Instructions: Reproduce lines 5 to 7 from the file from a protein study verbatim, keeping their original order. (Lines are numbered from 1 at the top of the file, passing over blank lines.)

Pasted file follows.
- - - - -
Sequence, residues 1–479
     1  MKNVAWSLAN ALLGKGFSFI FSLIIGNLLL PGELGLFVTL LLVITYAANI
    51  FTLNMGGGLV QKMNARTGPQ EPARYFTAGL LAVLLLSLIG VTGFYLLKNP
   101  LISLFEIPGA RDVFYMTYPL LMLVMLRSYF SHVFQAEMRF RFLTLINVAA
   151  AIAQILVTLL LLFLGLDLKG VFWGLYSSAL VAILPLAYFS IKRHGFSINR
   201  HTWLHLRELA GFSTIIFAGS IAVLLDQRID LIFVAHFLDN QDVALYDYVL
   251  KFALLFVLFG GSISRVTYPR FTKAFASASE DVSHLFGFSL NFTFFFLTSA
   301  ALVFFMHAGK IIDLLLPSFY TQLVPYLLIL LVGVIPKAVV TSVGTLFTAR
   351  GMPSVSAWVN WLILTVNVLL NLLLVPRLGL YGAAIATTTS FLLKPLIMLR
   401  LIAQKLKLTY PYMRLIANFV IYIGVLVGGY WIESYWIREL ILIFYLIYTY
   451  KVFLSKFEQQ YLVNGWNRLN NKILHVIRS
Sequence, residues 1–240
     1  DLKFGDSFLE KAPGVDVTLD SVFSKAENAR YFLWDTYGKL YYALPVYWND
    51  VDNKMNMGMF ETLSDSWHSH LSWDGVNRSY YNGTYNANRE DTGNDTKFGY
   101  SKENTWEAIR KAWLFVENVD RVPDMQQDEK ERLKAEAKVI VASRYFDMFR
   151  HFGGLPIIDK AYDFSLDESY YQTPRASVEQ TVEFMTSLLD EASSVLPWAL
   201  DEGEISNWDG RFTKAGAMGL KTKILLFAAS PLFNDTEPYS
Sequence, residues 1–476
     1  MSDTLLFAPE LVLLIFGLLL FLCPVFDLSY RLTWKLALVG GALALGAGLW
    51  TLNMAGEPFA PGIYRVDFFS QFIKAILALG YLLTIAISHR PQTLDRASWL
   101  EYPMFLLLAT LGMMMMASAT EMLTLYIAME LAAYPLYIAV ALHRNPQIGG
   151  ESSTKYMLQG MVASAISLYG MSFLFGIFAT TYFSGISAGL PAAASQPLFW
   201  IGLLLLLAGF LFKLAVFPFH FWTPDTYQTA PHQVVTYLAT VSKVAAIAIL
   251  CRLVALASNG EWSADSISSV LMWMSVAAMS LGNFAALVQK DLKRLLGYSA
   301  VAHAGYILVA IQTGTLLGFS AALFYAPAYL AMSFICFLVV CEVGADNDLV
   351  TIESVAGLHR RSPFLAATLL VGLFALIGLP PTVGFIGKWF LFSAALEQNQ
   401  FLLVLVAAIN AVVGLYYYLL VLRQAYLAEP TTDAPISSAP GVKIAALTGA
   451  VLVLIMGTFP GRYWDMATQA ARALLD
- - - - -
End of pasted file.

   151  AIAQILVTLL LLFLGLDLKG VFWGLYSSAL VAILPLAYFS IKRHGFSINR
   201  HTWLHLRELA GFSTIIFAGS IAVLLDQRID LIFVAHFLDN QDVALYDYVL
   251  KFALLFVLFG GSISRVTYPR FTKAFASASE DVSHLFGFSL NFTFFFLTSA